But for several weeks after that I felt guilty. I felt guilty because of my brain’s programming. I’ve spent my life believing that I’m a bad person if I can’t make everyone around me happy enough. I’ve been a people-pleaser.
Here’s the pattern in my life, and tell me if it sounds familiar?
Someone does something I think is mean.
They cheat. They lie. They steal. They hit. They backstab. They fill-in-the-blank.
I point out the bad behavior.
“Hey, you cheated. Stop it.” “Hey, that’s not true. You’re lying. Stop it.” “Hey, you just took that from another person. That’s stealing. Stop it.” “Hey, stop blaming me for what you did. Take responsibility.” “Hey, you just hit me. That’s mean. Stop it.”
I’m no longer a big proponent of calling out chronically abusive people on their behavior. I think it’s a waste of time. Set boundaries and protect yourself, but don’t waste your energy on trying to convince an abuser that they are abusive.
They react the way abusive people react.
They tell me I’m the bad guy. To cheat, lie, steal, hit, or whatever isn’t the bad behavior. It’s the calling it out that’s the unforgivable sin. I feel confused and guilty. People are mad at me for pointing things out. I was supposed to look the other way and pretend I didn’t see it. Didn’t experience it. If I say “That hurt” I am accused of being too emotional. Too sensitive. Too bossy. Too picky. Too rude. Too self-pitying. “Self-pity is of the devil.” “You’re such a bawl baby.” I’m always trying to get attention. Making everything all about me. Self-centered. Vain. Obsessed.
Of course someone who is abusive will react poorly when you point out their chronic poor behavior. They can’t take responsibility for themselves, so they will put it all on you.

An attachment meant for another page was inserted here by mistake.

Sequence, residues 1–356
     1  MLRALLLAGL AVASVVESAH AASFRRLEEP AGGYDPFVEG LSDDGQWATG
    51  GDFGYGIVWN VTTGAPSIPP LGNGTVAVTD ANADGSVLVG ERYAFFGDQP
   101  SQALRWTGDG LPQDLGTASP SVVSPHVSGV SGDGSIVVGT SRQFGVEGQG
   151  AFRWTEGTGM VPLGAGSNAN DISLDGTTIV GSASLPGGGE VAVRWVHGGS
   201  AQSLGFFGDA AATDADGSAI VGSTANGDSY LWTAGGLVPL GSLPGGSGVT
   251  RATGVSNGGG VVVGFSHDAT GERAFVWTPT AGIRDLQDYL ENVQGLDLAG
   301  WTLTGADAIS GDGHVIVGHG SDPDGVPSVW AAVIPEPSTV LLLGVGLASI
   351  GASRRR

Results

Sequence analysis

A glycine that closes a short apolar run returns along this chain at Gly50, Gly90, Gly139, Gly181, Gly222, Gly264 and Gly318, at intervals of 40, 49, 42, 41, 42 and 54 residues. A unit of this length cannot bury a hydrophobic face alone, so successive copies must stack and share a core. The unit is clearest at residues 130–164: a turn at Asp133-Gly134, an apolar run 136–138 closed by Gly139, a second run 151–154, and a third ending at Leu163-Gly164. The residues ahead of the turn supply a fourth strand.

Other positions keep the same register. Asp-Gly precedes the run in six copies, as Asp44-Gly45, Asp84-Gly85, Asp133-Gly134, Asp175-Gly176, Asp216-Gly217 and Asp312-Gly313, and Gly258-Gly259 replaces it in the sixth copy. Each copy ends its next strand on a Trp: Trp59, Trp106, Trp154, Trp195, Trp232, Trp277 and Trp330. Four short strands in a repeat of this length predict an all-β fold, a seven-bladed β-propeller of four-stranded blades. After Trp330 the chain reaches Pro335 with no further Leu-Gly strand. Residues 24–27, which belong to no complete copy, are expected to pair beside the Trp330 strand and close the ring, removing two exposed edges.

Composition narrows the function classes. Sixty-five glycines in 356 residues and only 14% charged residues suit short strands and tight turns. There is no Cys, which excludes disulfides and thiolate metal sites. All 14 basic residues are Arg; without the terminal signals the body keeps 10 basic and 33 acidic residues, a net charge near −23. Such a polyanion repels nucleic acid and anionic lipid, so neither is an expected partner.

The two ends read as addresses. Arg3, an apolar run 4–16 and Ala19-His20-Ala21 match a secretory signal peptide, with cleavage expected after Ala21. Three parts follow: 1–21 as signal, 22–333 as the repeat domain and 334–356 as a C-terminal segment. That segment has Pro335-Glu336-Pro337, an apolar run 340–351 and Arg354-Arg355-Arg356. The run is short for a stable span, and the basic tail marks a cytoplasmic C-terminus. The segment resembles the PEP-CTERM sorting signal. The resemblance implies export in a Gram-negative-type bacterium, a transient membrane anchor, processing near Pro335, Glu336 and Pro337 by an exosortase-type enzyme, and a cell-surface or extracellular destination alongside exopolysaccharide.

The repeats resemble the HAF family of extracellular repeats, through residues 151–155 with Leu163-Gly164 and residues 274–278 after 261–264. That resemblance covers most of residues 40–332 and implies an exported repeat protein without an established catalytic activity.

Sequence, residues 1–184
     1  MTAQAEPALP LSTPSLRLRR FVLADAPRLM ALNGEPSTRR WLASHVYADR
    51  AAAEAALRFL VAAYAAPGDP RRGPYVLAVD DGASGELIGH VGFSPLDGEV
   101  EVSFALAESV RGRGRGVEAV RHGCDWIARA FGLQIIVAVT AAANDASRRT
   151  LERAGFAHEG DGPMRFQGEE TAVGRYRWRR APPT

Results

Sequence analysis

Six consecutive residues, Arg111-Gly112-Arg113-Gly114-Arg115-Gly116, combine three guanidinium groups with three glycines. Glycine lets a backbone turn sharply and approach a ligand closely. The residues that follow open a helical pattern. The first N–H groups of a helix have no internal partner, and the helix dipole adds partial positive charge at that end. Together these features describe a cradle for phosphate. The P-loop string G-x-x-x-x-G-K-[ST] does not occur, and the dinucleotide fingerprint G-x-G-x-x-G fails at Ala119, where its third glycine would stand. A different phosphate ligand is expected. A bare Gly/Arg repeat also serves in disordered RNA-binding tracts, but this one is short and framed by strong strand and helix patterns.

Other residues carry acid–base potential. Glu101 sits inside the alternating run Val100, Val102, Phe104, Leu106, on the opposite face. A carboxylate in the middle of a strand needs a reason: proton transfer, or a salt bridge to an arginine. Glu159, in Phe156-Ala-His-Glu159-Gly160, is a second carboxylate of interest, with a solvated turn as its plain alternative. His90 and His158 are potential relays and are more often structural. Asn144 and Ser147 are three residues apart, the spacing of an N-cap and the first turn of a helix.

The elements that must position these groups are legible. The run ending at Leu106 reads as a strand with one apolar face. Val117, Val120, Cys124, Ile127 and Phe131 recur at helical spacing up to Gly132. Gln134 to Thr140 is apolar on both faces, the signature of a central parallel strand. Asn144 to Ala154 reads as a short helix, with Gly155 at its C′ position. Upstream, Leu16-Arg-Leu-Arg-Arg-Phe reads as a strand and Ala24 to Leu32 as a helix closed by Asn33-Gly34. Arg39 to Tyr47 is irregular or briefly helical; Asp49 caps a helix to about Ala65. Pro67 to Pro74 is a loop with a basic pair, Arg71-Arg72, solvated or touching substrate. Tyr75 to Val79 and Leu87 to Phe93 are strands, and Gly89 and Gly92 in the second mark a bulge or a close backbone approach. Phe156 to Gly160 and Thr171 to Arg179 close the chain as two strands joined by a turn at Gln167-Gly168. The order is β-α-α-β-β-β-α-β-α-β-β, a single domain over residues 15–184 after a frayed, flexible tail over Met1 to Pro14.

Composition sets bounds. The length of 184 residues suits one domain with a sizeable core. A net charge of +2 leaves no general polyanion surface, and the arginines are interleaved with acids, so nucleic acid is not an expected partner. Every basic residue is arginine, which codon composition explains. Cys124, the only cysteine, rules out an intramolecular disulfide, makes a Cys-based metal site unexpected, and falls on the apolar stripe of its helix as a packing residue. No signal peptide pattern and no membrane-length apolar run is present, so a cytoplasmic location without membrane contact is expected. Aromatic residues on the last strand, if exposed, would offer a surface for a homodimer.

I feel bad for being such a loser, and I say I’m sorry and ask for forgiveness.
That’s right. With all these abusive messages coming at me, a girl who only wants to be loved and accepted like everyone else, I felt guilty for not measuring up. If only I could be more kind. More selfless. More quiet. More relaxed. More loving. Guilt. Guilt. Guilt.
I was taught growing up that I could not be in relationship with others unless I initiated an apology every time I made them unhappy. I got the silent treatment until I could lay aside what I believed to be true and accept an alternate reality where I was always wrong, and my perspective was always mistaken and unwanted and assuming and delusional. I would say I was sorry for screwing up again, and I would ask for forgiveness.
The family member would graciously bestow forgiveness upon me, and I would get to be in relationship with them again. This felt so good. Such a relief would wash over me. It was like going from being cast out like a leper to being invited back in where it was safe and warm. I was loved again.
As an adult, I look back on that and see how screwed up it is. But because that was the only thing I knew, when I married my first husband, and the dynamic was exactly the same – it felt totally normal. I was in so much emotional pain all the time, I had to rely on a lot of denial and self-abasement just to get through those dark years. My conservative religion helped me beautifully by keeping me fed with a steady supply of misogynistic lies.
So here I was – really, really, REALLY wanting to just be done with this weird, controlling family dynamic where you never know where you stand – but I felt guilty about walking away from those relationships. Keeping the peace and maintaining relationships – even destructive ones – has been woven into the fabric of my life from a very young age. To walk away felt so wrong. But every time I considered it, I felt such a sense of relief as well.
I spent several weeks riddled with anxiety. I had a hard time sleeping. Night after night I had horrible nightmares. I could feel myself slipping into a depression. I knew I was preparing to let go. I was grieving.
But what I really wanted was a way to frame the entire experience in a way that made sense. As you know, if you are a victim of psychological abuse, there is a lot of confusion even over the most simple truths. Life is constantly going sideways when you live with someone like that. I’m still learning how to walk in a straight line at times!